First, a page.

Craft beers come in glass bottles, right? Well, that might be changing, whether you like it or not. The container wars have gone on for as long as both metal cans and glass bottles have been available, but more and more craft brewers are making the switch to metal. Why is this? Actually, there are several reasons for this shift. Only 10 years ago, there were no American craft breweries using cans. Today, there are more than 100 doing so.
One of the reasons for doing this is economic. As the recession continues to hold onto society (no matter what mainstream media might be touting), everyone has to tighten their belts, including breweries. Cans are simply more economical than glass bottles, as the material is cheaper. This allows the breweries to keep manufacturing and selling their beers at the same price, rather than raising their prices to match the increased operational costs. That's good news for beer lovers concerned about their wallets.
Another reason is that cans are safer and more portable than bottles. When was the last time you accidently dropped an open can and had it shatter on the deck? When was the last time you heard about someone breaking a can of beer over someone else's head? All joking aside, cans are safer for traveling, and they're more portable, as well.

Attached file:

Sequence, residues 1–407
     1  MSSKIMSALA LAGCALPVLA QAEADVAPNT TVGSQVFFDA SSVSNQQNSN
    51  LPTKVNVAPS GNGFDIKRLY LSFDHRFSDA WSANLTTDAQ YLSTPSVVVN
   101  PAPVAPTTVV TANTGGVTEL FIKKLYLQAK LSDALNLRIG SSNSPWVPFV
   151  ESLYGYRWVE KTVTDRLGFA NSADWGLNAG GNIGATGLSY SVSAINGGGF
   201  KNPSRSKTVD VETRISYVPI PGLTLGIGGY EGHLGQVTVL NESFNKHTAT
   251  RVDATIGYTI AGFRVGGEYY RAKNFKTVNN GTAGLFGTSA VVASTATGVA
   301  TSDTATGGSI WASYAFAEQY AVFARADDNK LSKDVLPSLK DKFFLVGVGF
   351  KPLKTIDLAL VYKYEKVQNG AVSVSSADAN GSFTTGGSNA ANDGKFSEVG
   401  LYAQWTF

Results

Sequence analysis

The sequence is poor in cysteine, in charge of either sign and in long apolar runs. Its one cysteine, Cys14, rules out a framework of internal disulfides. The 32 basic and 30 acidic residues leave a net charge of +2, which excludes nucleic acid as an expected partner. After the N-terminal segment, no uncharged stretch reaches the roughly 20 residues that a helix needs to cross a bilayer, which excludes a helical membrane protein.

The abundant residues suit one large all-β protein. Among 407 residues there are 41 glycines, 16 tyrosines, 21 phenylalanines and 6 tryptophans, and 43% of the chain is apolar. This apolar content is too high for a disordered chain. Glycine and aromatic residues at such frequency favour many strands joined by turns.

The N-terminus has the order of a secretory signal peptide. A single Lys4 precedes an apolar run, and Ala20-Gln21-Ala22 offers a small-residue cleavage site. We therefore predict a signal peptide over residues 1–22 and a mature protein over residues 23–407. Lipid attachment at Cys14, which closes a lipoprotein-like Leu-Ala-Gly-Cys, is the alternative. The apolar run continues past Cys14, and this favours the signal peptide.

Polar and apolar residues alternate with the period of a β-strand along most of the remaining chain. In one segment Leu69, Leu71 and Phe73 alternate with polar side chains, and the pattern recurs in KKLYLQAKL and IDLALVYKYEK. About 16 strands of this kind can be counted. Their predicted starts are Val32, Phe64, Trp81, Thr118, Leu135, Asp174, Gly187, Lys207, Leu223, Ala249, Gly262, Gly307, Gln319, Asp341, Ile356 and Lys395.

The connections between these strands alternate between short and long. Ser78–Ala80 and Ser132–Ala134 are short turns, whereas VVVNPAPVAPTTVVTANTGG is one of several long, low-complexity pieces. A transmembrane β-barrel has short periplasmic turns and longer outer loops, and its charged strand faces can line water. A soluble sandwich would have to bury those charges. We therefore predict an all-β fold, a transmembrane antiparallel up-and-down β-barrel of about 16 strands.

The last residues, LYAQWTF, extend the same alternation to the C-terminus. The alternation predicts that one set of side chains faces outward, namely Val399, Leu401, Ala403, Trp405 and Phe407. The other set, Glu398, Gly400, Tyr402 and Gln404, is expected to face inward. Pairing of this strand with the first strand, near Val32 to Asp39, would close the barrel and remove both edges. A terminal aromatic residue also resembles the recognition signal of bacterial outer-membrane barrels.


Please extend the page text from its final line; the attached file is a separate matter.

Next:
Cans also improve beer quality, according to some brewers. Because they do not let in any sunlight, the taste of the beer is not damaged. It's also exposed to less oxygen, helping to keep the beer fresher. Finally, cans are better for the environment. While glass is recyclable, consumers are 50% more likely to recycle a can than a glass bottle. In addition, because cans weigh less, they require less fuel during shipping.
Of course, canned craft beer still has some hurdles to overcome. Most people equate canned beer with mass-produced, inferior quality beer. This stereotype will take some time to overcome. However, high-quality craft beer can be canned and can still be just as good as what's enjoyed out of the bottle. Another stereotype that will have to be overcome is that of the preconceived notion that canned beer tastes bad. In the past, this was true, but thanks to modern lining techniques, there is no more metallic taste transferred to the beer from the interior of the can.
Will canned craft beer be successful? With the number of breweries now heading in that direction, it certainly looks like it.